In Divorce and War
The title is Hemingway & Gellhorn, but it might have been Hemingway vs. Gellhorn. Directed by Philip Kaufman (Quills), this ambitious and extravagant television film chronicles the turbulent decade-long romance between Ernest Hemingway (Clive Owen) and war correspondent Martha Gellhorn (Nicole Kidman), a period which spirited both lovers to numerous war-torn locales, including Madrid during the Spanish Civil War, and also saw the publication of perhaps his greatest novel, For Whom the Bell Tolls. It is love as a fierce competition. They feud as writers, as lovers, as daredevils, and one need not have read a single biographical text to know the union, however deep or intense, will not last. She says at one point she refuses to be a footnote to Hemingway, and the film tries to champion her cause, but it also cannot help but return to him throughout. Her high-profile biopic, alas, has a title where her name comes second.
This is a complicated film for which I have divided feelings. It is not hard to respect the production, from its committed A-list cast to its no-expense-spared scope, but it is also plagued by flaws. Most small, one or two larger.
Owen, one of the finest actors of this generation, delivers a convincing and engaging performance. It one of the film's most satisfying elements. Hemingway seems a hard part to play. He lives in our imagination more as a masculine myth than an actual flesh-and-blood man. Bringing this war-hardened, womanizing, big-game-hunting myth and his hungover tales of torment and honor to the screen proved to be one of the most rewarding comic ideas in last year's Midnight in Paris.
Owen's challenge then is to capture the animal magnetism and grit-infused charisma which created the legend, but also reveal a frail human side, to explore the angst and rage and bouts of impotence which tortured Ernest's soul until he ended his own life. He does so with flying colors. "Nothing to writing," he snarls with booze-drenched authority at one point. "Just sit at the typewriter and bleed!" Later he is standing against a closed door, pleading for his soon-to-be-ex-wife to let him in, then pounding his fists and weeping when she won't. Owen breathes life into both moments.
Despite a convincing prosthetic transformation, a framing device which finds a much older Martha reflecting on her career and life for a television interview feels superfluous. I am not sure why so many fact-derived films use this tactic. It tends to distance and flatten more than it reveals or electrifies.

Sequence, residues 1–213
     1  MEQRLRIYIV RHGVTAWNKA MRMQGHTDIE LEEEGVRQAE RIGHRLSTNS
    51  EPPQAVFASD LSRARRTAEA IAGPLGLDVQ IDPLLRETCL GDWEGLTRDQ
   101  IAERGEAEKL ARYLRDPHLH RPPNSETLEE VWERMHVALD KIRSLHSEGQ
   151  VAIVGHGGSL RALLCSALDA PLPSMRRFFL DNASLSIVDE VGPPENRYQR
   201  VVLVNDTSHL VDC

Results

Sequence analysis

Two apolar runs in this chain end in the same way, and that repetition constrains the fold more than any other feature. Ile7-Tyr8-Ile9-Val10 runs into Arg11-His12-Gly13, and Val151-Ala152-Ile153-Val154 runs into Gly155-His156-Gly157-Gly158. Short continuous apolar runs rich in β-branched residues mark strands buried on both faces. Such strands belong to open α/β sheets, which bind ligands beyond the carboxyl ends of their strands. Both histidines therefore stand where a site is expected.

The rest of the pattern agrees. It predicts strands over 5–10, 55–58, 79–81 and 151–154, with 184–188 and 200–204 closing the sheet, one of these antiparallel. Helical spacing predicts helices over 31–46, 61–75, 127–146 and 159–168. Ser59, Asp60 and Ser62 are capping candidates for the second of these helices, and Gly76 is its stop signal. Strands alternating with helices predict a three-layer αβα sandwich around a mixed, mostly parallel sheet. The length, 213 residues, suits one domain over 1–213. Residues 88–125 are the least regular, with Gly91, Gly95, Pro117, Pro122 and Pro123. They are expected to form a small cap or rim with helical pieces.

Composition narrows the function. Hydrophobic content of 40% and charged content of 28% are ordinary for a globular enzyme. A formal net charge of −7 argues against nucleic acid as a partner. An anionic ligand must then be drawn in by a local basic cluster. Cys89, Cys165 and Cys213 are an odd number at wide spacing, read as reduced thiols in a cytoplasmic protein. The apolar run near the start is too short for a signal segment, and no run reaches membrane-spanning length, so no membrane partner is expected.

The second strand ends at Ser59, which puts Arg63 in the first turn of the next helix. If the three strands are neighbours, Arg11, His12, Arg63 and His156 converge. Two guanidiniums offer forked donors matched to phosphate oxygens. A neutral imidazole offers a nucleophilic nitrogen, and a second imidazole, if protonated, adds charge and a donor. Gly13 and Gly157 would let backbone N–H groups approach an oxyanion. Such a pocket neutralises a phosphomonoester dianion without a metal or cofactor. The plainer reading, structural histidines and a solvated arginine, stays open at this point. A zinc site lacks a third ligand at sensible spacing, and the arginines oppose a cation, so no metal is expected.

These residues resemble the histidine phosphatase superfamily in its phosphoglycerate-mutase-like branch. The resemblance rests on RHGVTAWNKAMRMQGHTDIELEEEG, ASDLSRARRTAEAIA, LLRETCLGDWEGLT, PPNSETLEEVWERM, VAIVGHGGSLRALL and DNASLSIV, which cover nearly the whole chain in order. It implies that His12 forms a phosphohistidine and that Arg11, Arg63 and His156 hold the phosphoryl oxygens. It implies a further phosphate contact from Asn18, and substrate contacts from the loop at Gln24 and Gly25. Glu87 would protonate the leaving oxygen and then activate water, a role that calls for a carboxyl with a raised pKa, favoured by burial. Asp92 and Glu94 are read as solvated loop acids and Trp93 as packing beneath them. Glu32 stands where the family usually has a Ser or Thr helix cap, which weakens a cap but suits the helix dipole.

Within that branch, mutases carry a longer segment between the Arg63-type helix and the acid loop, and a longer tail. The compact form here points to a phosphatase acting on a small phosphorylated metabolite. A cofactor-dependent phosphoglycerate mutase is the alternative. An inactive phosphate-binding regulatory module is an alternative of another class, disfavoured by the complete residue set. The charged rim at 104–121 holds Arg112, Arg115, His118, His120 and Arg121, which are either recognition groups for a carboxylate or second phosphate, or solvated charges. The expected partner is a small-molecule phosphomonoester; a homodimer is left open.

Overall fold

Over two-and-a-half-hours long, the film's pacing is a problem, as is its relationship to its own content. An hour is devoted to the Spanish Civil War and various character and plot threads emerge, but most are ejected from the film once the action returns to America. The scenes in Madrid almost play as their own film. Later trips (to places such as China and Western Europe during WWII) feel thin by comparison, as if they were afterthoughts to the writers. Martha describes the abject revulsion and isolation she feels upon seeing a concentration camp and how she fled into a nearby forest and wept for hours. I wish we the audience could have lived inside this moment, but it's over in a flash, more a stylized gesture than a real scene. (Perhaps they should have cut one of around five hundred sex scenes and dug deeper into her coverage of the Nazi's camps. Of course, this is HBO.)
In a sense, this is indicative of the film's failings in general. The lead performances are thoughtful. Each period detail feels spot-on (though the frequent inclusion of a newsreel aesthetic, with scenes switching at random from a cinematic color palette to sepia or B&W with splices and scratches, is a distraction). The characters and time period result in a natural fascination. But where is the soul? This is an elegant film more concerned with pomp and sweep than intimate details. It is well worth experiencing, but also opaque at times and a tad frustrating.